Recent, Upcoming FDA Efforts Address Rare, ‘Neglected’ Diseases
The FDA's new rare disease review group will hold its first public hearing on Tuesday and Wednesday to discuss how to expand efforts to develop treatments for rare diseases that affect fewer than 200,000 people, Reuters. "The new rare disease review group is part of a broadened effort to encourage companies to spend more money on the more than 6,000 rare diseases identified," Reuters writes, adding that the FDA "already offer[s] companies grants and guaranties seven years of market exclusivity for drugs that treat rare diseases."
Jesse Goodman, chief scientist and deputy commissioner for science and public health at the FDA, outlined the challenge: "Even if you have very targeted and effective product development, it does cost real money and people will expect a return on investment."
Also, according to Reuters, a different "FDA committee will meet this fall to focus on neglected diseases such as malaria and tuberculosis." In 2009, the FDA started offering a priority review voucher for companies that develop treatments for any of 16 "neglected diseases. ... So far, only one voucher has been awarded, for Novartis AG's malaria drug Coartem."
"The FDA also joined forces with the National Institutes of Health this year to take the first and riskiest steps toward bringing new drugs to market for rare and neglected diseases," the news service notes (Lentz, 6/28).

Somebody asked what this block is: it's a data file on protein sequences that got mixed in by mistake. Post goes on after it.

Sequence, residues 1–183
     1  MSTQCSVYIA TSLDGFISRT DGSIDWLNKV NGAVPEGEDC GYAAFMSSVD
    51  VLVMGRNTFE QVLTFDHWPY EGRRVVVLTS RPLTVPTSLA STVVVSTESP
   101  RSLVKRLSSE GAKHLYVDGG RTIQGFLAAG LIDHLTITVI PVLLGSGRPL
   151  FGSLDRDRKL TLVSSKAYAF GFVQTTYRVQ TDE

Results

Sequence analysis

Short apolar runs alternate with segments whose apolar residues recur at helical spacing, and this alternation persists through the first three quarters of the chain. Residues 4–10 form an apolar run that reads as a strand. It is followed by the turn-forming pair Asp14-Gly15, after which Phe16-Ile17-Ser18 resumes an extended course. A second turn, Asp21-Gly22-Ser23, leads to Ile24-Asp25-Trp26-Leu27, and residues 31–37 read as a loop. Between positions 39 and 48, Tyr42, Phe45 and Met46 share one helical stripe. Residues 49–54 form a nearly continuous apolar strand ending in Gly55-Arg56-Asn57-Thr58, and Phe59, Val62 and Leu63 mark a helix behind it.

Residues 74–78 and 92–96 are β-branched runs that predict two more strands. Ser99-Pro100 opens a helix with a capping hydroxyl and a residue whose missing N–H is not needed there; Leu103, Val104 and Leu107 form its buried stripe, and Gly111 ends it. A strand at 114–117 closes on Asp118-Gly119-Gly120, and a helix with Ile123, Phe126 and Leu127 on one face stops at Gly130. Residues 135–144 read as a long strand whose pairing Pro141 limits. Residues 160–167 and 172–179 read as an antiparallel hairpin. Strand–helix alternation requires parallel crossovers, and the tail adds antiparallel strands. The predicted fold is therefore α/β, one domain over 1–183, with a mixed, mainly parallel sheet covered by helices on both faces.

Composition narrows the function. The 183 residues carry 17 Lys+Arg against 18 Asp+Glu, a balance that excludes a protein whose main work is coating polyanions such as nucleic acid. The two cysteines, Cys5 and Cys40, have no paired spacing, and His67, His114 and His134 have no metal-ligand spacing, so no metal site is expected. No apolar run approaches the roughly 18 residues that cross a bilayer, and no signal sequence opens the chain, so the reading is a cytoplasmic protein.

AstraZeneca To Allow MMV Access To 500,000 Chemical Compounds As Part Of Collaborative Agreement
Pharmaceutical company AstraZeneca said on Monday that it would open about 500,000 of its chemical compounds to the Medicines for Malaria Venture (MMV) as part of a new collaborative agreement to help speed the development of new malaria drugs, Reuters reports.
The agreement "will allow MMV to try to identify promising compounds with the potential to treat malaria, including drug resistant strains of the disease, AstraZeneca said in a statement," the news service writes. After compounds are screened, promising candidates would then be incorporated into drug discovery projects at AstraZeneca's research and development wing "with the aim of identifying possible drugs for clinical testing," Reuters writes.
"Our experience with infection research, and indeed with all of our R&D efforts, has taught us that we will only find solutions to today's global health challenges through collaborative efforts," David Brennan, AstraZeneca's CEO, said in the statement. "Opening up our compound library to MMV is an important step toward addressing the enormous unmet medical needs of the developing world," he said.
The drug company will retain intellectual property rights of the compounds, a spokesperson for AstraZeneca said (6/28).This is part of the KHN Morning Briefing, a summary of health policy coverage from major news organizations. Sign up for an email subscription.